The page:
The use of mobile banking -- consumers accessing bank services using a mobile phone -- continues to increase, according to an annual survey by the Federal Reserve Board.
Forty-three percent of all mobile-phone owners with a bank account used mobile banking in 2015, according to the recently released survey. That was up from 39 percent in 2014 and 29 percent in 2012.
But the use of mobile banking is more prevalent among customers of at least one Arkansas bank.
Fifty-one percent of all Arvest Bank households used their cellphones to access bank services last year, the Fayetteville-based bank said. That is almost three times more than the 18 percent of Arvest customers in 2012 who used mobile banking.
The most common way customers interact with a bank or credit union is to visit a branch -- 84 percent of customers indicated they spoke with a teller during the previous 12 months, according to the Federal Reserve study.
The frequency with which its customers visit branches has decreased over the years, Arvest said.
Last year, Arvest customers made an average of 37 teller transactions per household, down from 46 in 2011. Arvest said it serves more than 710,000 households.
The Federal Reserve study shows that the main reason some customers choose not to use mobile financial services is that they prefer other methods of banking and making payments. The customers also cited concerns about security.
"Mobile banking is where the future of banking is," said Garland Binns, a Little Rock banking lawyer. "It is one of the spokes that all banks have to have in their wheel."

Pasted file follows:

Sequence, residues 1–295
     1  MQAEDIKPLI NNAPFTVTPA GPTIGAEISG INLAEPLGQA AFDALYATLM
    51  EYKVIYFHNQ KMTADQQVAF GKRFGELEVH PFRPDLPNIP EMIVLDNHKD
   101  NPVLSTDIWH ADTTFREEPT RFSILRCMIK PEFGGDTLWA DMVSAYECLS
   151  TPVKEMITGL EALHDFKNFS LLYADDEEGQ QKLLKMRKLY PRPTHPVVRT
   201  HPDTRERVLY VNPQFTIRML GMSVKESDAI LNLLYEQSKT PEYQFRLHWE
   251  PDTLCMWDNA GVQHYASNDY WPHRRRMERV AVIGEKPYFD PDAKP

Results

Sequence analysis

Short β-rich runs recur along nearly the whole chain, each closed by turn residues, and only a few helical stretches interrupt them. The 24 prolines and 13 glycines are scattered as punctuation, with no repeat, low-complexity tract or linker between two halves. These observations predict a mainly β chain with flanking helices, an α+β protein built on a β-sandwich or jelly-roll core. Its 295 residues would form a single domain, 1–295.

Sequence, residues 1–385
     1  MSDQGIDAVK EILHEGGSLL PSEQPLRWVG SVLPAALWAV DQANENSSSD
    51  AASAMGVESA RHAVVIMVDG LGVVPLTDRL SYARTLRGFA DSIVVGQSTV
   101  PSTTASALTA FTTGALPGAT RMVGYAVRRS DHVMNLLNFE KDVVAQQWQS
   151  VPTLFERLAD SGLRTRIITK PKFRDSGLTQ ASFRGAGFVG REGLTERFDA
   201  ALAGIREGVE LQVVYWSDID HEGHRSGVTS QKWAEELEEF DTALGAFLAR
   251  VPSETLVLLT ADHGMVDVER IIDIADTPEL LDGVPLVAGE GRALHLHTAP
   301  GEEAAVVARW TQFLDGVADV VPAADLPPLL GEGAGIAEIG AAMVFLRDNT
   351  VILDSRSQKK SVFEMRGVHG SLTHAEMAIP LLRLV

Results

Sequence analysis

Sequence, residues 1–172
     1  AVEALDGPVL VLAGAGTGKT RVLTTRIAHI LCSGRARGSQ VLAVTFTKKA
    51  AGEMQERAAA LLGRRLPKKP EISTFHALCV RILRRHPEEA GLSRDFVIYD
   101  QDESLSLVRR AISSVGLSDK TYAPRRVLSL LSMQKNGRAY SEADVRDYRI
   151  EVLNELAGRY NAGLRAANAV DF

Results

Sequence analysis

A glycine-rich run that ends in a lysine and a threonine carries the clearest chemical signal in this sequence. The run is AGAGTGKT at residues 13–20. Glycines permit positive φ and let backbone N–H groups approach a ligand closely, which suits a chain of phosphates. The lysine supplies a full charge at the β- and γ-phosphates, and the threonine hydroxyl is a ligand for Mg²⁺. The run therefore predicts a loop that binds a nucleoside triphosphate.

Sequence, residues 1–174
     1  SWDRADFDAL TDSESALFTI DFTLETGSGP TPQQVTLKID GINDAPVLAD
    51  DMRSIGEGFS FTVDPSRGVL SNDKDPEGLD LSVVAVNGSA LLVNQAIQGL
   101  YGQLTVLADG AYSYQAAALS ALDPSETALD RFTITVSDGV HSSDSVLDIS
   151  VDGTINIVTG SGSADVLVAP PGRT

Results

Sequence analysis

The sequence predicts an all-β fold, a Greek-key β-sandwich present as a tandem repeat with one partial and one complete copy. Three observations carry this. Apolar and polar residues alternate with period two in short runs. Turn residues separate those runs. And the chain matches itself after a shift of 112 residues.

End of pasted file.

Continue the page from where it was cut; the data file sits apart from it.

The increased use of new technology is a challenge for small community banks, Binns said.
"Besides complying with regulatory requirements, there are now so many other new things coming along, like the technological changes, that it makes it difficult for community banks," Binns said. "The younger generation will gravitate to those financial institutions that offer what they want."
Arvest, which has more than $15 billion in assets, realizes the role of branches will evolve, Arvest spokesman Jason Kincy said. The bank has 270 branches in more than 120 communities in Arkansas, Oklahoma, Missouri and Kansas.
"As this shift in consumer behavior continues, we hope to be able to offer more robust services in our branches," Kincy said.
Instead of customers just making withdrawals and deposits at branches, Arvest is considering helping its "customers with their financial needs from a more holistic standpoint, from budgeting to planning," Kincy said.
So the way Arvest builds, staffs and manages branches likely will change over time, Kincy said.
Arvest promotes its high-tech services in several ways, including online, through social media and at the point of opening a new account, Kincy said.
"We also generally will have signage or merchandising in many of our branches and ATMs highlighting these services," Kincy said.
Most customers expect a bank to have some form of online banking, Kincy said.
"And many of them are used to banks having mobile banking, so you don't have to promote them as much as you may have needed to in the past," Kincy said.
Arvest continues to see consumer preference shifting to nontraditional channels, Kincy said.
The shift includes:
• A 133 percent increase in the number of deposits consumers made at ATMs in the past four years.
• A 95 percent increase in mobile check deposits from 2013 to 2015. To make a mobile check deposit, a customer takes a photo of a check with a mobile phone.
• A 92 percent increase in the number of customers who choose to receive electronic bank statements instead of paper statements from 2011 to 2015, and
• A 79 percent increase in checking accounts opened online during the past five years.
The Federal Reserve's survey was conducted in November and published in March. About 2,150 bank customers responded to the survey, which was conducted online. The Federal Reserve first conducted the survey in 2011.
SundayMonday Business on 05/01/2016
Print Headline: Banking by phone gaining traction